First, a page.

Cancer Institute A national cancer institute
designated cancer center

Christopher H. Contag

Publication Details

  • Apoptosis in a rodent model of cranial suture fusion: In situ imaging and gene expression analysis PLASTIC AND RECONSTRUCTIVE SURGERY Fong, K. D., Song, H. M., Nacamuli, R. P., Franc, B. L., Mari, C., Fang, T. D., Warren, S. M., Contag, C. H., Blankenberg, F. G., Longaker, M. T. 2004; 113 (7): 2037-2047

    Abstract:

    Craniosynostosis, the premature fusion of cranial sutures, is one of the most common craniofacial anomalies, with a reported incidence of up to one in 2500 live births. Despite its prevalence, the cause of craniosynostosis remains unknown. Previously, apoptosis has been postulated to be a contributing factor in the pathogenesis of craniosynostosis, although the role of programmed cell death in cranial sutures is poorly understood. To address this problem, the authors used an established rodent model of posterior-frontal suture fusion and sagittal suture patency to globally examine apoptosis in cranial sutures. Apoptosis was evaluated by systemically coinjecting Sprague-Dawley rats with both fluorescent and technetium-99m-labeled annexin V at time points before, during, and after the period of predicted posterior-frontal suture fusion to determine the magnitude and time course of overall apoptotic activity in both fusing and patent sutures. Using these novel in situ imaging techniques, the authors observed a significant increase in the overall levels of apoptosis in both the posterior-frontal and sagittal suture complexes during the period of predicted posterior-frontal suture fusion. To further explore this increase in apoptotic activity, they used microarray technology to study apoptosis-related genes within the suture complex. Interestingly, there was activation of distinct apoptotic pathways in the posterior-frontal and sagittal sutures during the period of predicted posterior-frontal suture fusion. Whereas increased transcription of genes associated with the mitochondria-mediated apoptotic pathway occurred in the posterior-frontal suture during fusion, activation of genes associated with the death receptor-mediated apoptotic pathway predominated in the patent sagittal suture during the same time period. These data suggest that although overall apoptotic activity in rat patent and fusing sutures is similar, the pathways mediating apoptosis within each suture are distinct.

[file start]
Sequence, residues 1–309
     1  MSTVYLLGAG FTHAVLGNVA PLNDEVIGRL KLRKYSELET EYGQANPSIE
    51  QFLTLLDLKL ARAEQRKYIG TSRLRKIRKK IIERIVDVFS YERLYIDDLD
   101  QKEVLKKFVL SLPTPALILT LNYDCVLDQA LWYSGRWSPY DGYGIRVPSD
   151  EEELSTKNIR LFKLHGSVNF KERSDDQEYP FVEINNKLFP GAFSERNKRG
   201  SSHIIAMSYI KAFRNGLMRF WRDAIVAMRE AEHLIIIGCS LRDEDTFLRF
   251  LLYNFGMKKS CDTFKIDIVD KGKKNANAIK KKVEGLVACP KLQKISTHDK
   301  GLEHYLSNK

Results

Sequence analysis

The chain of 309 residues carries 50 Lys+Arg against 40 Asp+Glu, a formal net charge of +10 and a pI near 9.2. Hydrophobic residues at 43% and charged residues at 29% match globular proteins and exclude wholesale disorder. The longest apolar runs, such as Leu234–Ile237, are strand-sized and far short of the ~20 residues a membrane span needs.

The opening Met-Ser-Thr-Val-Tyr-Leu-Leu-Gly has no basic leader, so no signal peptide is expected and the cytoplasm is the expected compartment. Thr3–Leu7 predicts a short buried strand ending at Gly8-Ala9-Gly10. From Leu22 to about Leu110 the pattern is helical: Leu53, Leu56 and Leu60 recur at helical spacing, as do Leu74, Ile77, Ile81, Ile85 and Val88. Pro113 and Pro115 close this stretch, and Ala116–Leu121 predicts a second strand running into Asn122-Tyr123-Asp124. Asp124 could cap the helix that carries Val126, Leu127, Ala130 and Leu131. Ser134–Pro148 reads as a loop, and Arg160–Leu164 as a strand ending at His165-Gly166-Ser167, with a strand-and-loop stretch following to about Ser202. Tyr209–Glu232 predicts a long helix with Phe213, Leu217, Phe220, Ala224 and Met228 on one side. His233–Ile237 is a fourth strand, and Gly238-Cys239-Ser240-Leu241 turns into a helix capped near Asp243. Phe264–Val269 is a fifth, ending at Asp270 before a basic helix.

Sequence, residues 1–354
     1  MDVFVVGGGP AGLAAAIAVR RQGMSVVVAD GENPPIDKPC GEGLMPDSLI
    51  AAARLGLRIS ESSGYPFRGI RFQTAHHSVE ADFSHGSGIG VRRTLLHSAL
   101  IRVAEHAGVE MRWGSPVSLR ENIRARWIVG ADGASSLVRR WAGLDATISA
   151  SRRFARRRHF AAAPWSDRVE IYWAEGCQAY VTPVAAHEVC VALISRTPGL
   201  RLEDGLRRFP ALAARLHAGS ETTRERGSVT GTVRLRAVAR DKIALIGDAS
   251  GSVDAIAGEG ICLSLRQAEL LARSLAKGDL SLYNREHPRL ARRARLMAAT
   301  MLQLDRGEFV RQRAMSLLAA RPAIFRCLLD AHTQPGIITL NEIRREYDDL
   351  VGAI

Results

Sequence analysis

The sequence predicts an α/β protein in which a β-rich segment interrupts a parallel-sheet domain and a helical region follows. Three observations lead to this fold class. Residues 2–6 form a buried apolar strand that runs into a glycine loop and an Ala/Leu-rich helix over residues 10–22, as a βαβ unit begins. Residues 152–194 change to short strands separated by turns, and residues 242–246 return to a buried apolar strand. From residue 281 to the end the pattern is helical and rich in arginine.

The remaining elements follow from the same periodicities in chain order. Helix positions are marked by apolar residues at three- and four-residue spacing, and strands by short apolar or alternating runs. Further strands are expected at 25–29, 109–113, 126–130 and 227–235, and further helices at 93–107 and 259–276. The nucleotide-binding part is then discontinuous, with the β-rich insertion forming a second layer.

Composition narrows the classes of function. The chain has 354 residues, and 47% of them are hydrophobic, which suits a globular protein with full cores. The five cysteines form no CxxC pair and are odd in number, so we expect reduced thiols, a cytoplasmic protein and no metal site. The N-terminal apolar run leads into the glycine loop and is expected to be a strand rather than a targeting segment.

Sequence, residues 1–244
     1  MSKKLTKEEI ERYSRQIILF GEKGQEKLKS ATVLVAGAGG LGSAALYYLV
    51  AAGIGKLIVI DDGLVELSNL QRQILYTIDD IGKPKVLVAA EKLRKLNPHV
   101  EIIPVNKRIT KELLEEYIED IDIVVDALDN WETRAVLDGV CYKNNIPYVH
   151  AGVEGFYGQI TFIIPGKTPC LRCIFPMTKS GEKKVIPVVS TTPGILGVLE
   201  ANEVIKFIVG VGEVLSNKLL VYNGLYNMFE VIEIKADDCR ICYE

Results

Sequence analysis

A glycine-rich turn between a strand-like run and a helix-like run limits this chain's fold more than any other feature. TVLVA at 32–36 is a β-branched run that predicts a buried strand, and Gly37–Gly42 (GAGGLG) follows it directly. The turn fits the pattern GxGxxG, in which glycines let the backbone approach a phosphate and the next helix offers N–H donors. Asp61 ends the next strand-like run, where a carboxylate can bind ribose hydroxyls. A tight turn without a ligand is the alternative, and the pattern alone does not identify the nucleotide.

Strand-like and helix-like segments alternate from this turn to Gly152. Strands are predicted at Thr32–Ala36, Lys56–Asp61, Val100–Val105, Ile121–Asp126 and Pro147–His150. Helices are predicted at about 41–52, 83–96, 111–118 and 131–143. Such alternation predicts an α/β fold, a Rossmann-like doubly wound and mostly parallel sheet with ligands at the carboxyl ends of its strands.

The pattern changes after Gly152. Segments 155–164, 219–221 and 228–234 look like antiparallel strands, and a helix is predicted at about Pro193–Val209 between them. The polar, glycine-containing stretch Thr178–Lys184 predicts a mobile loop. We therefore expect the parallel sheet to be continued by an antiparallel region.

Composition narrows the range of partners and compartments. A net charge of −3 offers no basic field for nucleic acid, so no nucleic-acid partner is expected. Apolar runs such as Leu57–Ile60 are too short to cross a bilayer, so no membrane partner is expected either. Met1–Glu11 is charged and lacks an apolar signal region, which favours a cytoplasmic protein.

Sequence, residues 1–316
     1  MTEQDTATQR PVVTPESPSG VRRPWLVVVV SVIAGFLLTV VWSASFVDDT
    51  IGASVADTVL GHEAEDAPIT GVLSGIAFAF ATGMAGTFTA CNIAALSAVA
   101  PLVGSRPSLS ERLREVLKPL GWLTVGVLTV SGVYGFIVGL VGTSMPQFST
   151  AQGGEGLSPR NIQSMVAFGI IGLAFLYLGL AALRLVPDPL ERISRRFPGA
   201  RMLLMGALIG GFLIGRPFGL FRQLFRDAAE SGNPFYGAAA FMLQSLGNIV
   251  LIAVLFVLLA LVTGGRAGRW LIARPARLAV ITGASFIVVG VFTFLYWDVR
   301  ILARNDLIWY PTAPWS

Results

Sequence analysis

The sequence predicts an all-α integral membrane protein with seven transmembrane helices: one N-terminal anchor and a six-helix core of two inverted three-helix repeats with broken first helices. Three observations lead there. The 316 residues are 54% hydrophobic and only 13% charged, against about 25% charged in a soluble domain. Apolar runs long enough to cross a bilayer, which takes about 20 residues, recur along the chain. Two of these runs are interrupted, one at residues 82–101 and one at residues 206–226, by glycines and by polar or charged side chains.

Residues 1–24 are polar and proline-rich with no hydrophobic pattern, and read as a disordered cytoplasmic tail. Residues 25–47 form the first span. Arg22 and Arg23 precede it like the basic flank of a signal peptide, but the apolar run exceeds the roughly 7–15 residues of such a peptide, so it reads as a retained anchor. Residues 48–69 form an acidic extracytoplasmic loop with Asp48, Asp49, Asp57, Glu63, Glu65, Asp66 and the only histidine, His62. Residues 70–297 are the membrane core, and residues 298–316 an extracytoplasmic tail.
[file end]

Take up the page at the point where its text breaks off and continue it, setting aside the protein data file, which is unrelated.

View details for DOI 10.1097/01.prs.000012118201199.c1

    View details for Web of Science ID 000221917700021

    View details for PubMedID 15253194

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